Strong alkaline chemicals that destroy soft body tissues resulting in a deep, penetrating type of burn, in contrast to corrosives, that result in a more superficial type of damage via chemical means or inflammation. Caustics are usually hydroxides of light metals. SODIUM HYDROXIDE and potassium hydroxide are the most widely used caustic agents in industry. Medically, they have been used externally to remove diseased or dead tissues and destroy warts and small tumors. The accidental ingestion of products (household and industrial) containing caustic ingredients results in thousands of injuries per year.
A common saturated fatty acid found in fats and waxes including olive oil, palm oil, and body lipids.
A group of 16-carbon fatty acids that contain no double bonds.
Encyclopedias as Topic
Facility Regulation and Control
United States Food and Drug Administration
Substances intended to be applied to the human body for cleansing, beautifying, promoting attractiveness, or altering the appearance without affecting the body's structure or functions. Included in this definition are skin creams, lotions, perfumes, lipsticks, fingernail polishes, eye and facial makeup preparations, permanent waves, hair colors, toothpastes, and deodorants, as well as any material intended for use as a component of a cosmetic product. (U.S. Food & Drug Administration Center for Food Safety & Applied Nutrition Office of Cosmetics Fact Sheet (web page) Feb 1995)
Investigational New Drug Application
An application that must be submitted to a regulatory agency (the FDA in the United States) before a drug can be studied in humans. This application includes results of previous experiments; how, where, and by whom the new studies will be conducted; the chemical structure of the compound; how it is thought to work in the body; any toxic effects found in animal studies; and how the compound is manufactured. (From the "New Medicines in Development" Series produced by the Pharmaceutical Manufacturers Association and published irregularly.)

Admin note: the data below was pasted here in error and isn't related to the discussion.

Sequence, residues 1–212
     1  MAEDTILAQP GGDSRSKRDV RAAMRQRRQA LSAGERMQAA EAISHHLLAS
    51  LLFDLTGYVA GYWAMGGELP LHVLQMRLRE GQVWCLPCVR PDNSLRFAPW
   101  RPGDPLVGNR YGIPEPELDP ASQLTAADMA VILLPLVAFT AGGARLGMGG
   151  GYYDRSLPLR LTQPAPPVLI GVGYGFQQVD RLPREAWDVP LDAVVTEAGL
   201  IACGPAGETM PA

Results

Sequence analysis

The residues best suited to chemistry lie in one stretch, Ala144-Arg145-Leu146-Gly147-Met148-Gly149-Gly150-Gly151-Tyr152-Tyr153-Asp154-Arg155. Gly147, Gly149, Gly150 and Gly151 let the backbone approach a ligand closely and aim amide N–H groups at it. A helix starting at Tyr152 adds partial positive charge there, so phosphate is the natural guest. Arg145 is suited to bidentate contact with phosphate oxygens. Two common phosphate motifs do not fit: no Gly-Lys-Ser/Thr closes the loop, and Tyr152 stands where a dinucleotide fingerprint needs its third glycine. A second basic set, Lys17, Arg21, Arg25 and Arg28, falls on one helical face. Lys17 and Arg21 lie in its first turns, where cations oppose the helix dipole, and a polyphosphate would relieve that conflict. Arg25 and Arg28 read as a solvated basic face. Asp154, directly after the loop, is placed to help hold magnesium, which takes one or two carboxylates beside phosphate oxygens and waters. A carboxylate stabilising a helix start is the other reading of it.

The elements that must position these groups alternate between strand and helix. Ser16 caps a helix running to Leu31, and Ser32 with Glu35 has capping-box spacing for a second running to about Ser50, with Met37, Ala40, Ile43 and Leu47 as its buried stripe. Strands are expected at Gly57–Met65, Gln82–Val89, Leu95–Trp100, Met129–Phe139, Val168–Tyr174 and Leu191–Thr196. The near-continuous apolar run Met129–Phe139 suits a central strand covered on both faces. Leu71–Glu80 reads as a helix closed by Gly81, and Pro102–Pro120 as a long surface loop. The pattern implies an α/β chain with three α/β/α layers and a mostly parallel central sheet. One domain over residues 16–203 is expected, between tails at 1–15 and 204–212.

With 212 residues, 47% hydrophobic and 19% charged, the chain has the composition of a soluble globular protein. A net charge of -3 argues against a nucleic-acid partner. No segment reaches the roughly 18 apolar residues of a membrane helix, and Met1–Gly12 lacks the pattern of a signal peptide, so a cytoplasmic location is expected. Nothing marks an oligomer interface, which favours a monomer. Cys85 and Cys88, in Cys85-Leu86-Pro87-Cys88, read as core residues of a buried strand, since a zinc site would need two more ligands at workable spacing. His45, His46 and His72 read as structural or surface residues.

It is a form of protection provided by law. In the United States this protection is granted to authors of original works of authorship, including literary, dramatic, musical, artistic, and certain other intellectual works. This protection is available to both published and unpublished works. (from Circular of the United States Copyright Office, 6/30/2008)
Formularies as Topic
Works about lists of drugs or collections of recipes, formulas, and prescriptions for the compounding of medicinal preparations. Formularies differ from PHARMACOPOEIAS in that they are less complete, lacking full descriptions of the drugs, their formulations, analytic composition, chemical properties, etc. In hospitals, formularies list all drugs commonly stocked in the hospital pharmacy.
Economic aspects of the fields of pharmacy and pharmacology as they apply to the development and study of medical economics in rational drug therapy and the impact of pharmaceuticals on the cost of medical care. Pharmaceutical economics also includes the economic considerations of the pharmaceutical care delivery system and in drug prescribing, particularly of cost-benefit values. (From J Res Pharm Econ 1989;1(1); PharmacoEcon 1992;1(1))